3 credit card traps you have to avoid

three credit card traps to avoid

With over 7 million credit card holders nationally, it is probably fair to describe Australians as credit card enthusiasts. Plus it’s easy to understand why. Credit cards are an incredibly convenient payment method, letting you make small or large purchases without the need to carry cash.

Here are just three of the most common mistakes Australian’s make when it comes to credit cards that are costing you money:

Paying only the minimum payment required

Minimum payments can be as low as 1.5 per cent of the outstanding amount. However, by paying the minimum, you don’t cover your interest payments and end up paying more interest overall as it takes you longer to repay your debt. Ideally, you should pay the balance in full monthly. If that’s not possible, pay as much as possible to decrease the amount of debt left sitting on your card.

Cash advances

It’s important to note that interest-free periods don’t apply to cash advances. Credit card providers charge exorbitant interest on cash advances, roughly as high as 29 per cent. But that’s only one trap related to cash advances. In many cases, you’ll be hit with interest as soon as you withdraw the cash as well as having to pay a withdrawal fee. This fee may be a percentage of the amount you draw (the larger the amount, the bigger the fee) or a flat amount. Cashless payments are becoming increasingly available everywhere from cafes to clothes shops, so there is no need to be falling into such a costly trap.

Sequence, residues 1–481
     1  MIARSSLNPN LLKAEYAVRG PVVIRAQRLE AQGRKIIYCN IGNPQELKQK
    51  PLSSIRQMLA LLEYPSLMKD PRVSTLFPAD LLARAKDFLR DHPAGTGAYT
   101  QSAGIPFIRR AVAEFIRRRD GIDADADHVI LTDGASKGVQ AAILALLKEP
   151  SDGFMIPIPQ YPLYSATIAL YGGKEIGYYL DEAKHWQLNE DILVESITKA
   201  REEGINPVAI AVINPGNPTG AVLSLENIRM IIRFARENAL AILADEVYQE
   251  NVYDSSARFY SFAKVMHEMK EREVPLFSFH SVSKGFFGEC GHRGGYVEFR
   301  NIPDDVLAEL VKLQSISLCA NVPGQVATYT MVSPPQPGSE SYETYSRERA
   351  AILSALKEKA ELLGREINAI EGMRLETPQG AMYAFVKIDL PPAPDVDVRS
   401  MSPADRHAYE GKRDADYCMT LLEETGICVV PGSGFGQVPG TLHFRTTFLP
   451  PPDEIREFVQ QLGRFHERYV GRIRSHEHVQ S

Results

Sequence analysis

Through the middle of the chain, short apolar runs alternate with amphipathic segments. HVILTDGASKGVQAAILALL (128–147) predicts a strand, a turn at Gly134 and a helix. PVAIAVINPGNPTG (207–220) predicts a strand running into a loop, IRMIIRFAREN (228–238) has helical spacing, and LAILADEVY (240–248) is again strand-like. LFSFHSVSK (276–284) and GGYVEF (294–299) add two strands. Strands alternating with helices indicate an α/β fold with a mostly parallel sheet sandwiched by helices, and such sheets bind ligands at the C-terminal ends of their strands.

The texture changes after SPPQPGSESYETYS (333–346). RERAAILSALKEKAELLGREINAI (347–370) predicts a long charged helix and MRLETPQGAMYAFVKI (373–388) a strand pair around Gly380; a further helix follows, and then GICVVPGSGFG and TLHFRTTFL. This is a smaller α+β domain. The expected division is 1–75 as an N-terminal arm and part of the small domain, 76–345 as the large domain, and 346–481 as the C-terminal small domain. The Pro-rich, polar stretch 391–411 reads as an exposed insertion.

Introductory rates

Most credit cards offer low-interest rates for a short period to entice you to sign up. Such introductory rates last for up to 12 weeks until they rise to the regular rate. On some cards, this maybe twice or triple the initial rate. By paying your monthly balance in full, this will not affect you. Even if you don’t, this is a common and painful trap. Before you sign up for any type of credit card, make sure the revert rate is at a competitive rate.